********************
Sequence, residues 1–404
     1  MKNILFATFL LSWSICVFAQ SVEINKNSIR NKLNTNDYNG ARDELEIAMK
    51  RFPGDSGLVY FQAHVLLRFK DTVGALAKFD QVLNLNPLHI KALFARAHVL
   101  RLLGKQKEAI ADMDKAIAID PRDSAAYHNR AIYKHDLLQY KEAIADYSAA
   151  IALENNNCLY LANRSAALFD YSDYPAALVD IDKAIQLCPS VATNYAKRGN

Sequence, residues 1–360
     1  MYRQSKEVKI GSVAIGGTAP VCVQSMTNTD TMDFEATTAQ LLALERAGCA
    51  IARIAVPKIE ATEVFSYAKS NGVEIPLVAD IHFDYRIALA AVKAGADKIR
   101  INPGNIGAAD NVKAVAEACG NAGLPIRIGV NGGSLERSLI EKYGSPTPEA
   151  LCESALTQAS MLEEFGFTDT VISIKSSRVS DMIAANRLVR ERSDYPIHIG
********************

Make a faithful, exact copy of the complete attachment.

Sequence, residues 1–404
     1  MKNILFATFL LSWSICVFAQ SVEINKNSIR NKLNTNDYNG ARDELEIAMK
    51  RFPGDSGLVY FQAHVLLRFK DTVGALAKFD QVLNLNPLHI KALFARAHVL
   101  RLLGKQKEAI ADMDKAIAID PRDSAAYHNR AIYKHDLLQY KEAIADYSAA
   151  IALENNNCLY LANRSAALFD YSDYPAALVD IDKAIQLCPS VATNYAKRGN

Sequence, residues 1–360
     1  MYRQSKEVKI GSVAIGGTAP VCVQSMTNTD TMDFEATTAQ LLALERAGCA
    51  IARIAVPKIE ATEVFSYAKS NGVEIPLVAD IHFDYRIALA AVKAGADKIR
   101  INPGNIGAAD NVKAVAEACG NAGLPIRIGV NGGSLERSLI EKYGSPTPEA
   151  LCESALTQAS MLEEFGFTDT VISIKSSRVS DMIAANRLVR ERSDYPIHIG